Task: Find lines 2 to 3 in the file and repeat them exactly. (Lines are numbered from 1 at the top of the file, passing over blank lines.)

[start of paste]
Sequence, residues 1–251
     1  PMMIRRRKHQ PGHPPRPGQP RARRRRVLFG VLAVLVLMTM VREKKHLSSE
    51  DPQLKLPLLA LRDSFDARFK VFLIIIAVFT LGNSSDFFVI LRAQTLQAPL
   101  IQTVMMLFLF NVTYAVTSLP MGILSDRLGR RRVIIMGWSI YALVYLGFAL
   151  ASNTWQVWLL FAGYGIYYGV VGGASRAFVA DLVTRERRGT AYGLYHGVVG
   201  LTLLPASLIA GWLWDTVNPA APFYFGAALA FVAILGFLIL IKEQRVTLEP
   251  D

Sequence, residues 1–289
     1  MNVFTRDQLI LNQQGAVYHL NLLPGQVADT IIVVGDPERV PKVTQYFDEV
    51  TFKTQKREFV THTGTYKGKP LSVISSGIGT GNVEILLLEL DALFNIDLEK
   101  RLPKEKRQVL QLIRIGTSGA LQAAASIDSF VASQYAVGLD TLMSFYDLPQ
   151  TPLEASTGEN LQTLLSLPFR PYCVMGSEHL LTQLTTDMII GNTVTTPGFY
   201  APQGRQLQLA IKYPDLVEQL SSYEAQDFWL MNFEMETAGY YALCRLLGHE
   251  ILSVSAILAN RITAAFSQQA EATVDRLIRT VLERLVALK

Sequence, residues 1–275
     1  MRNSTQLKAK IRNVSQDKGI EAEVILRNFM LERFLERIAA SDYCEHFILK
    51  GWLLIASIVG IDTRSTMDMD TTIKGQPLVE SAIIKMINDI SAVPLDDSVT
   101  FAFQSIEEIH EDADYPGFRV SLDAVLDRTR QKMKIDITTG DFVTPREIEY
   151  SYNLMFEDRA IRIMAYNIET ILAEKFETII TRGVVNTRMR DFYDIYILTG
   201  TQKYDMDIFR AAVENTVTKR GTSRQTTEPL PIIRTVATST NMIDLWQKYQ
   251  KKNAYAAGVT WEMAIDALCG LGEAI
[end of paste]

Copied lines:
     1  PMMIRRRKHQ PGHPPRPGQP RARRRRVLFG VLAVLVLMTM VREKKHLSSE
    51  DPQLKLPLLA LRDSFDARFK VFLIIIAVFT LGNSSDFFVI LRAQTLQAPL